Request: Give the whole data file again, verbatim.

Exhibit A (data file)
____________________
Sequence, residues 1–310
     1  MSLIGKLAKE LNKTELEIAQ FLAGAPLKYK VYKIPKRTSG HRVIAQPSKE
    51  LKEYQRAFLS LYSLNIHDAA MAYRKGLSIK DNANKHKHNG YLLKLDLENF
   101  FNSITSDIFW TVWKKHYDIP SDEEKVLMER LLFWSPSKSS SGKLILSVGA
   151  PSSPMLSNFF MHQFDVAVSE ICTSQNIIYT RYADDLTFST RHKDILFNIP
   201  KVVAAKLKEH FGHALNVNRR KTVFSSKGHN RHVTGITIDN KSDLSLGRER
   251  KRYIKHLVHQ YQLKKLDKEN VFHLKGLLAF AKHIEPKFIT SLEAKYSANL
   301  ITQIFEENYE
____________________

Sequence, residues 1–310
     1  MSLIGKLAKE LNKTELEIAQ FLAGAPLKYK VYKIPKRTSG HRVIAQPSKE
    51  LKEYQRAFLS LYSLNIHDAA MAYRKGLSIK DNANKHKHNG YLLKLDLENF
   101  FNSITSDIFW TVWKKHYDIP SDEEKVLMER LLFWSPSKSS SGKLILSVGA
   151  PSSPMLSNFF MHQFDVAVSE ICTSQNIIYT RYADDLTFST RHKDILFNIP
   201  KVVAAKLKEH FGHALNVNRR KTVFSSKGHN RHVTGITIDN KSDLSLGRER
   251  KRYIKHLVHQ YQLKKLDKEN VFHLKGLLAF AKHIEPKFIT SLEAKYSANL
   301  ITQIFEENYE